The Engine Whines or Whirs Without Cranking
When your engine won't crank, and you hear a whining or whirring sound, this is commonly known as freewheeling. The starter motor isn't engaging your vehicle's flywheel, and the flywheel is spinning by itself. This happens when there is an issue with the mechanism that disengages and engages your starter.
The Starter Keeps Running After You Start the Engine
When your engine fires up, you remove your finger from the start button or release your key from the start position. The motor should switch off when you do this. If it keeps going, it'll sound like it's still trying to start your car. This problem usually indicates that you have a major problem somewhere in your system's electrical circuitry, and it can lead to significant damage to other areas if you don't fix it.
You Smell Something Burning or See Smoke
Your starter system has mechanical and electrical components. Because of this makeup, any problems usually involve the electrical system combined with the overheated metal components. These components typically have layers of grease on them. When this happens, you may see smoke and smell the electrical system or oil burning off.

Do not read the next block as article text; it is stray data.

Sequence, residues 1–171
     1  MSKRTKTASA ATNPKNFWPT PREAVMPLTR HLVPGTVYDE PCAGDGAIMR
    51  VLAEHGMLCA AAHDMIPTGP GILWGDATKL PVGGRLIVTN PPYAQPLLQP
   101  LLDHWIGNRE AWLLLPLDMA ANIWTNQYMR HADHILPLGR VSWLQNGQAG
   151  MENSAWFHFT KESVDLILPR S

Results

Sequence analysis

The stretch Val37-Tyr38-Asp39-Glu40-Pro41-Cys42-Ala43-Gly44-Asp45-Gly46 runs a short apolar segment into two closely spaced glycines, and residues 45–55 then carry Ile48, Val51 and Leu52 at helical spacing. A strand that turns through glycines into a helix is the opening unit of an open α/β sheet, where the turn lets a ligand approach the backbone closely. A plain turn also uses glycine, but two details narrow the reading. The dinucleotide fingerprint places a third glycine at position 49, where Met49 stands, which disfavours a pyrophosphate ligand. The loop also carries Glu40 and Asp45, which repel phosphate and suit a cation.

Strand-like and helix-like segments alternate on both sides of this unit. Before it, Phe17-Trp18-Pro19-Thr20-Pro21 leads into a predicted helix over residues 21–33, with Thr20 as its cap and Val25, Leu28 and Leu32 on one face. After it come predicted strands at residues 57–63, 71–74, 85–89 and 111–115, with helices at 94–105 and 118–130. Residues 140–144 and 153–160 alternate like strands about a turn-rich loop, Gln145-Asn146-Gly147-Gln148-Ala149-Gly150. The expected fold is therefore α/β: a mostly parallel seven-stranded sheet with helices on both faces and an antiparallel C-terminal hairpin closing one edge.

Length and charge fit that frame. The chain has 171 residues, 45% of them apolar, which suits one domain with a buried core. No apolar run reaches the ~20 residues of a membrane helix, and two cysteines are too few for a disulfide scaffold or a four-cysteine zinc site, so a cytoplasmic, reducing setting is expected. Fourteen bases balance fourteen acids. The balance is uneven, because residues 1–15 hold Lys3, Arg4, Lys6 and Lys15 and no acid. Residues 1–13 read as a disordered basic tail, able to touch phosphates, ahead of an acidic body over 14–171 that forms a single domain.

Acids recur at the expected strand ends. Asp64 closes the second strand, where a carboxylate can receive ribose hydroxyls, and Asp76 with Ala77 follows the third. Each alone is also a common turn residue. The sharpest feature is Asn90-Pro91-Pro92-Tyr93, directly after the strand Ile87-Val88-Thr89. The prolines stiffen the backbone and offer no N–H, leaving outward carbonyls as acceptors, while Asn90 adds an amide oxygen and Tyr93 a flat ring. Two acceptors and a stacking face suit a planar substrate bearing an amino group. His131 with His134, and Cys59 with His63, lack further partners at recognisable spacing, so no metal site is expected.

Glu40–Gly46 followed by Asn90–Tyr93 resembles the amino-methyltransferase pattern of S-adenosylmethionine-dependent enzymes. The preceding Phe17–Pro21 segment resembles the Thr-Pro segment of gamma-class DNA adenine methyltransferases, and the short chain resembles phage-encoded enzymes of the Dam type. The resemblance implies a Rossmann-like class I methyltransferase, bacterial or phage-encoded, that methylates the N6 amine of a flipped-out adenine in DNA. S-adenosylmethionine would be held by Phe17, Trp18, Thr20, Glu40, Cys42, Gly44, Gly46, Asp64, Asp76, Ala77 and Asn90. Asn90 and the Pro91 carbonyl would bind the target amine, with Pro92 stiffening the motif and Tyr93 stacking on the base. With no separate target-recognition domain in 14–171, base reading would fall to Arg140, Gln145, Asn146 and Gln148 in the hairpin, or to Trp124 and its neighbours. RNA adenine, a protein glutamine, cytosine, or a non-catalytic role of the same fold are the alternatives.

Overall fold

Starter System Gets Covered in Oil
You can find your starter system near the bottom of your engine. This portion of your vehicle is very hot, and it's not uncommon for engine oil to leak down onto your starter system. If this keeps happening, it can drastically shorten the life of your starter.
What Happens if You Don't Repair A Failing Starter?
There are several things that could happen if you don't take the time to have someone repair or replace your failing starter. The biggest possibilities include but are not limited to:
- Electrical system damage
- Dim lighting
- Damage to your transmission or engine
- Battery drainage
- Vehicle refuses to start
Along with damaging your other systems and leading to more expensive repairs, starter failure can leave you stranded. The last thing you want is to end up in the middle of nowhere with a car that won't turn over and no way to get it to a garage. Therefore it's essential you take steps early on to correct the problem and have professional help.
What to do With Starter Issues
The first thing you want to do is get your car to a mechanic for them to diagnose it and rule out charging systems or battery causes. If your battery has a low charge, it can mimic a lot of these symptoms. If your mechanic notices an oil leak from your engine, they'll have to correct this first before moving onto other repairs.
The root cause of your problems will most likely be your starter motor, starter relay, or solenoid. Each of these systems has relatively straightforward repairs, and your vehicle should run find once they replace or repair any defective components.
Your mechanics could recommend repairing a single component or part of your starter, or they could recommend a whole new system. The cost will depend on the parts and how difficult it is to get to your starter to switch it out. Your auto repair shop should be able to give you an estimate before they begin the repairs.
Whatever you do, don't wait for it to fail. Get your vehicle in as soon as possible to minimize the damage and get your car running in peak performance once again.